Byrum said that families should decide ahead of time where they could go if told to evacuate. She suggested that several places should be chosen-a friend’s home in another town, a motel, or a shelter.
Keep handy the telephone numbers of these places as well as a road map of the locality. You may need to take alternative or unfamiliar routes if major roads are closed or clogged.
Listen to NOAA Weather Radio or local radio or TV stations for evacuation instructions. If advised to evacuate, do so immediately, said Byrum.
&uot;You will want to prepare your personal evacuation kit as soon as possible and place it where it is handy,&uot; said Byrum. &uot;Also, remember to take with you prescription medications and medical supplies, bedding and clothing, including sleeping bags and pillows.&uot;
The list of supplies for the kit also includes plenty of bottled water, a battery-operated radio and extra batteries, first aid kit, flashlight, and of course, car keys and maps.
Byrum said is it extremely important that important documents, including driver’s license, Social Security card, proof of residence, insurance policies, wills, deeds, birth and marriage certificates, tax records and any other legal documents be included in your evacuation kit.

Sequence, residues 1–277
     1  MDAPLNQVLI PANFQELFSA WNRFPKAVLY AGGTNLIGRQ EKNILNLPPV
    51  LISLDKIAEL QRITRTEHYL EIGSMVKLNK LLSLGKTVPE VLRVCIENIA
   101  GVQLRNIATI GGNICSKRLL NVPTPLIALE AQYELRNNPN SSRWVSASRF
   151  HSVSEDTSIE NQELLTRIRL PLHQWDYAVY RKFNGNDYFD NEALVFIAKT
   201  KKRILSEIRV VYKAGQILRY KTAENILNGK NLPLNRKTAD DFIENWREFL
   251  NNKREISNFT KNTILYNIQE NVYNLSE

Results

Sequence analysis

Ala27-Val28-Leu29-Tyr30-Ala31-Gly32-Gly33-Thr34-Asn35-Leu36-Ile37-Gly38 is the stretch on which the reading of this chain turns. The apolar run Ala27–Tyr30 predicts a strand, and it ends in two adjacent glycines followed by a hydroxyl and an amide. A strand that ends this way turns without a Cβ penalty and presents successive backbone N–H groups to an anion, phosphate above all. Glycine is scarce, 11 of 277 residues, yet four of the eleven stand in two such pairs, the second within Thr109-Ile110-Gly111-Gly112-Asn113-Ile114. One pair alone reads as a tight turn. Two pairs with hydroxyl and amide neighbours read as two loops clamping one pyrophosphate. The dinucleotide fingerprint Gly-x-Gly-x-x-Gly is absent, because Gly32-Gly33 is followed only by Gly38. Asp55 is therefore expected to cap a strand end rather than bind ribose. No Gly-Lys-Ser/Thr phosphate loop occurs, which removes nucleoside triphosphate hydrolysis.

Also, assemble a Disaster Supplies Kit including canned foods and a can opener, protective clothing including rain gear.
Special items for infants, elderly, or disabled family members should also be included in the disaster kit.
&uot;Everyone should have a basic disaster supplies kit, and now is the time to check your supplies and supplement them for the hurricane season,&uot; said Byrum. &uot;If you will do this over a four-week period, it will spread out the cost and effort.&uot;
Byrum added that when thinking about hurricanes, it is also prudent to consider that tornadoes are spawned by hurricanes. In fact, 70 percent of hurricanes making landfall generate at least one tornado.